And also, as I’ve baked muffins and loaves and cookies, my mood has leveled off. I’m starting to catch up on work. I’m back to writing and reading and happily tending seedlings nearly ready for the garden.
I’ve also gotten some perspective on despair after talking with my friend Maureen. She told me she’s been inert and ineffectual, retreating into herself. She also said she was feeling on a deeper level all the loss she’s been through in the past few years while at the same time feeling guilty about her grief because so many people are going through far worse.
I realized I’d been feeling the same way, not depression at all but some kind of collective mourning. All that our species is going through can’t help but ask us to more intensely feel our own losses. Perhaps feeling our own grief more fully — seeing it, naming it, letting it walk with us –may help us on a collective level.
Maybe the different ways we react rise from wise inner promptings, helping to heal what has felt unbalanced in our lives while, on some level, we process the world’s larger fear, loss, and terrifying uncertainty.
As I pack up today’s Hermit Bars, I am grateful that offering homemade sweetness to strangers restores sweetness to my life. And I choose to believe everyone who claps for healthcare workers, or shops for neighbors, or sends cards to nursing home residents, or donates food, or adopts shelter animals, or plays music from balconies, or supports local businesses, or abides by social distancing to keep others safe is remaking a more connected and compassionate future for us all.
“I believe with all my hoary heart that stories save lives, and the telling and hearing of them is a holy thing, powerful far beyond our ken, sacramental, crucial, nutritious; without the sea of stories in which we swim we would wither and die; we are here for each other, to touch and be touched, to lose our tempers and beg forgiveness, to listen and to tell, to hail and farewell, to laugh and to snarl, to use words as knives and caresses, to puncture lies and to heal what is broken.” ~Brian Doyle
In this surreal, frightening time we are pulling together in profound ways. Although so-called differences are trumpeted by those who profit by dividing us, a magnet of connection guides us toward one another. Even now when we can’t hug, can’t even gather together, we are moved by one another’s stories.
By now, you likely know of people affected by Covid-19. I’m starting to. A friend’s wedding is cancelled and they plan to marry in front of a justice of the peace, sparing their friends from contact. Another friend’s new restaurant may go out of business. Each day he cleans the smooth black counters he had installed, hoping customers might again stand there to order before his creditors call in their loans. Many friends are out of work, scrambling to figure out how to pay for food and housing. An ER nurse friend is sleeping in her sister’s basement to stay away from her own son, who is receiving chemotherapy treatment. She does Facetime chats with him every evening. He holds up drawings he’s done, graphs he’s made of his temperature, lists of things he hopes to do in the next few days. She keeps her voice cheery till they’re done, only afterwards letting herself cry. One of my writing students is at home struggling with a cough and high fever, unable to get a test for the virus. She endured a difficult childhood, and in the last few years has started to write her memoir in light of what she now knows about trauma, epigenetics, and narrative history. Every person affected by Covid-19 has a story much larger than these few lines can tell.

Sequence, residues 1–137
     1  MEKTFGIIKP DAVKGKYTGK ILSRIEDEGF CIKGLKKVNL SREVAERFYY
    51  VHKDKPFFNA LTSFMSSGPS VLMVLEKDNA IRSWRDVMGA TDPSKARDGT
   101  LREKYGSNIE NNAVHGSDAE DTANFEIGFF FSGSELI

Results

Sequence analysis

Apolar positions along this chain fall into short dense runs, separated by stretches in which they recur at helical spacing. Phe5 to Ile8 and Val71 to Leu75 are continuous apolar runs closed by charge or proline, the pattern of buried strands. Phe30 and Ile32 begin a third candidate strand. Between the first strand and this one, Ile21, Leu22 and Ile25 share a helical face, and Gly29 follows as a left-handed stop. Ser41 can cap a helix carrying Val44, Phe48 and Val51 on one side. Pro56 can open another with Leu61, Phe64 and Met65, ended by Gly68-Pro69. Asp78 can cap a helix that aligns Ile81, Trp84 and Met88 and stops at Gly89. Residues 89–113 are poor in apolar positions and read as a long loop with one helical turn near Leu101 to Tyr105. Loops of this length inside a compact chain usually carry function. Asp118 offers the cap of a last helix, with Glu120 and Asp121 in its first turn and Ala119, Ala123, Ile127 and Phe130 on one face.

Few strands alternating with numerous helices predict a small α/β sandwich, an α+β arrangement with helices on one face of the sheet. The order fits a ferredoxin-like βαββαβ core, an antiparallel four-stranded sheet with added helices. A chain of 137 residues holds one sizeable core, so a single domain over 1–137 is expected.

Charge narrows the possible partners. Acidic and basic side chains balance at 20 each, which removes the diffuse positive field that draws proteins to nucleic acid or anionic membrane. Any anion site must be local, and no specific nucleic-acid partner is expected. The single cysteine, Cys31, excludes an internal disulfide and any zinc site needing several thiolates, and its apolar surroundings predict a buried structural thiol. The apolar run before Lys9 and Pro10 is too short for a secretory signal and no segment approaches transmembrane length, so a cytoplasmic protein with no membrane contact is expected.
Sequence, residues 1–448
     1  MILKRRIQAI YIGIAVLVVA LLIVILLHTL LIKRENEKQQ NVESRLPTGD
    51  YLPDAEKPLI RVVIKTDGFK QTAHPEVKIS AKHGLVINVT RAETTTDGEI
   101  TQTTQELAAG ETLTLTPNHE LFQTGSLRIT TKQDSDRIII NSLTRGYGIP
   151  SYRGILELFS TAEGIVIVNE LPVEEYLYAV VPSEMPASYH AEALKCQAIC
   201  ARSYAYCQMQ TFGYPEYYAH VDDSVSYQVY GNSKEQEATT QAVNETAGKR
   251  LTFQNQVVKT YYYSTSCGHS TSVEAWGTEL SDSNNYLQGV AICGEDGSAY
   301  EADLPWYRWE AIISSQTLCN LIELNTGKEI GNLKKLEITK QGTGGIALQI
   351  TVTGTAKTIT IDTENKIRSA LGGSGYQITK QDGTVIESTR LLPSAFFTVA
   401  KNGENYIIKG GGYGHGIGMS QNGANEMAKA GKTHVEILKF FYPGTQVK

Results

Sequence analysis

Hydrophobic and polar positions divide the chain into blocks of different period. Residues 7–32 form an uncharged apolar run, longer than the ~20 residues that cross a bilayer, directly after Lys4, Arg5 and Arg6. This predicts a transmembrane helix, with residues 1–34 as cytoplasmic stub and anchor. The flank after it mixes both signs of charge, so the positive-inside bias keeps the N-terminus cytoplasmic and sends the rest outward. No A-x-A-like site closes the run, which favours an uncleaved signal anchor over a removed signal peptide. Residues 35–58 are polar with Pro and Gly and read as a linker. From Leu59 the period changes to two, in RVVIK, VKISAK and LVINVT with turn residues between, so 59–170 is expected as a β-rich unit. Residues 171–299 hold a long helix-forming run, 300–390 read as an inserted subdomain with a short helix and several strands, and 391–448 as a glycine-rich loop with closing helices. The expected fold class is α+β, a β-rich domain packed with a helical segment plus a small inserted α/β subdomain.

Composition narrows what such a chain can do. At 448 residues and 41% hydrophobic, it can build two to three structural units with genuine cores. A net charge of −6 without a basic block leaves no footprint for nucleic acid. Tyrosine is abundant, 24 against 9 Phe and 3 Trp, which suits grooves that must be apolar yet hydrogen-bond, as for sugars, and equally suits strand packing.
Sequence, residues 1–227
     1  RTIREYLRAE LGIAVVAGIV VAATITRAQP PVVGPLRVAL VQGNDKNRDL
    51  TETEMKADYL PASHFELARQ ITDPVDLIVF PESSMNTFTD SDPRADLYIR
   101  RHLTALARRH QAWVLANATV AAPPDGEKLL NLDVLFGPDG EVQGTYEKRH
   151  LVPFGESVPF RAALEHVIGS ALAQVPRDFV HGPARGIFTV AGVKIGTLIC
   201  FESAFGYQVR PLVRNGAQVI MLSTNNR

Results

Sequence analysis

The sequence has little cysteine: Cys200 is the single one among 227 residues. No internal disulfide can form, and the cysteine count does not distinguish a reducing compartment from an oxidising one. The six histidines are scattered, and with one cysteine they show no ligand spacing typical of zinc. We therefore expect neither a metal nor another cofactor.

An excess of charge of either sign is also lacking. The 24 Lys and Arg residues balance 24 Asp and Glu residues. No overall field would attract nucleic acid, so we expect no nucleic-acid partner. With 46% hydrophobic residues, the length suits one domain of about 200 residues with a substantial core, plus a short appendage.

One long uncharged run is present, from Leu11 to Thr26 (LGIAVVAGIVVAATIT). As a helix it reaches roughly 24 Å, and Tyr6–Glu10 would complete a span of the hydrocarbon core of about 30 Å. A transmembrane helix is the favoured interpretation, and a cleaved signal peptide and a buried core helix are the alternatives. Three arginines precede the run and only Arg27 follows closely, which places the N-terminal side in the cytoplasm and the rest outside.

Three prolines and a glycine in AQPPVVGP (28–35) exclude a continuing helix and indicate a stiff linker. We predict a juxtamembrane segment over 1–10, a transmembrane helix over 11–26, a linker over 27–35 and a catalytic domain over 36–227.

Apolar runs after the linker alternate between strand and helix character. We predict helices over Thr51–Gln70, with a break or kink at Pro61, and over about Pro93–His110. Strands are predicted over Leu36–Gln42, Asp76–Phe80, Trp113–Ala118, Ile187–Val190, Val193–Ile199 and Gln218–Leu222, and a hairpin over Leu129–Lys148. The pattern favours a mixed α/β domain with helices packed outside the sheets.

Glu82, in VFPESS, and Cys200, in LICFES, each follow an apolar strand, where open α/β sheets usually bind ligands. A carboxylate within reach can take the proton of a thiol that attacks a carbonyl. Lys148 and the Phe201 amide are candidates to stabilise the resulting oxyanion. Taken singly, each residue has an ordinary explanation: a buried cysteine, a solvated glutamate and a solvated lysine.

Nearly every day I share stories with a stranger thanks to Quarantine Chat. Recently I talked to an older gentleman in Canada who is staying at his fishing cabin. When we talked he’d just come in from what he said would be the last ice fishing of the season. He reported that, once again, he didn’t catch anything. I asked how often his ice fishing was successful. “It’s always successful, in that I get outside for a few hours of peace. But it’s 100 percent unsuccessful if you mean catching anything after decades of trying,” he said. His good cheer couldn’t help but cheer me. I’ve talked to people in Spain, Russia, Israel, and many U.S. states — a graduate student, business owner, graphic artist, stay-at-home dad, insurance broker, teenaged musician, police officer. We talk about what we can see out our windows, how our plans have changed, what worries us most, what we’re having for supper. It’s like any conversation, except it’s easier to get past the superficial.
Yesterday’s call was with a retired veteran who said he was really struggling with anxiety, especially for his two daughters. I asked if he had a family story, maybe even from generations ago, that made him feel he and his kids would get through this. He told me about his grandmother, who was the first Black woman in their city to become a bus driver. He called her a “little powerhouse of a lady.” He said she was a woman of faith who also took “no guff” from anybody. Once, he said, she was robbed as she was walking to the side entrance of her apartment building. She never carried a purse, but pulled a worn Bible out of her coat pocket and told the desperate young man holding a knife, “Take this, it has all my treasure inside.” He grabbed it and ran off, assuming she had money stuffed in its pages. She turned and hurried after him. When he threw it down after rifling it through, she picked it up moments later. The police declined her offer to dust it for finger prints. The veteran said he had lots of stories about his grandmother and realized he hadn’t told them to his daughters. “I see her in my girls,” he said. “They’ve got her fight and her big heart.”